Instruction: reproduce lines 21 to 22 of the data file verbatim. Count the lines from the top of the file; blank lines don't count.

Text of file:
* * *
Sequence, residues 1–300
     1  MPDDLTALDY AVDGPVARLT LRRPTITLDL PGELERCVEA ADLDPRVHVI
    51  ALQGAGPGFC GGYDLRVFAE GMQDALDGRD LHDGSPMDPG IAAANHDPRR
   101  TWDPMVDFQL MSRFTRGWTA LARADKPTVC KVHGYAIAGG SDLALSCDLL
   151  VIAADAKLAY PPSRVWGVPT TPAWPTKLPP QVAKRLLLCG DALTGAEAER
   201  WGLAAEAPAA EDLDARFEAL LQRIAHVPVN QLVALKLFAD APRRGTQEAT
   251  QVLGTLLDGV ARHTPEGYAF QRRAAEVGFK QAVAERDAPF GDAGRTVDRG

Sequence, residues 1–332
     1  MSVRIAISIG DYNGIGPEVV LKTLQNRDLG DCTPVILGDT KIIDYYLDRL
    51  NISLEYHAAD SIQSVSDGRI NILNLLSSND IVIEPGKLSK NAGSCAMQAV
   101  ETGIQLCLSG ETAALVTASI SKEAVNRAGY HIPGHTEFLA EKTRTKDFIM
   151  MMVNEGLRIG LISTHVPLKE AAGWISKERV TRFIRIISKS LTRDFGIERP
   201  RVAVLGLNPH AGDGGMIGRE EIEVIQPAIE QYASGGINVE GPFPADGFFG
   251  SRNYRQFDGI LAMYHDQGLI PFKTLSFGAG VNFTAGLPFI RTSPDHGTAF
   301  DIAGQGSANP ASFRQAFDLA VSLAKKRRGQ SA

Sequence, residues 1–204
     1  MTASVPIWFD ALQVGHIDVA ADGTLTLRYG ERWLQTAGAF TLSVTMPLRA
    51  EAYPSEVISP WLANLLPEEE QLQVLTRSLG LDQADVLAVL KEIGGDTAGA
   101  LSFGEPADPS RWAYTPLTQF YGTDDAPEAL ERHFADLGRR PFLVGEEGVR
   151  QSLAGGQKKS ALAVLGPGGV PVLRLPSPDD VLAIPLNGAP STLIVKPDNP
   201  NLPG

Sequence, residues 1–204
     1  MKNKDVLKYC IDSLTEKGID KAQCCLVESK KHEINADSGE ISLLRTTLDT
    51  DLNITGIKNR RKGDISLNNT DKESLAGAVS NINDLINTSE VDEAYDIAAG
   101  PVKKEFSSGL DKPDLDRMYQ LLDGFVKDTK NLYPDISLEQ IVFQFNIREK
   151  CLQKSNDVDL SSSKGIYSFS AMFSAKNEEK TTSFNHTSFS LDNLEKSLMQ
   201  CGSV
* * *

   201  NLPG

Sequence, residues 1–204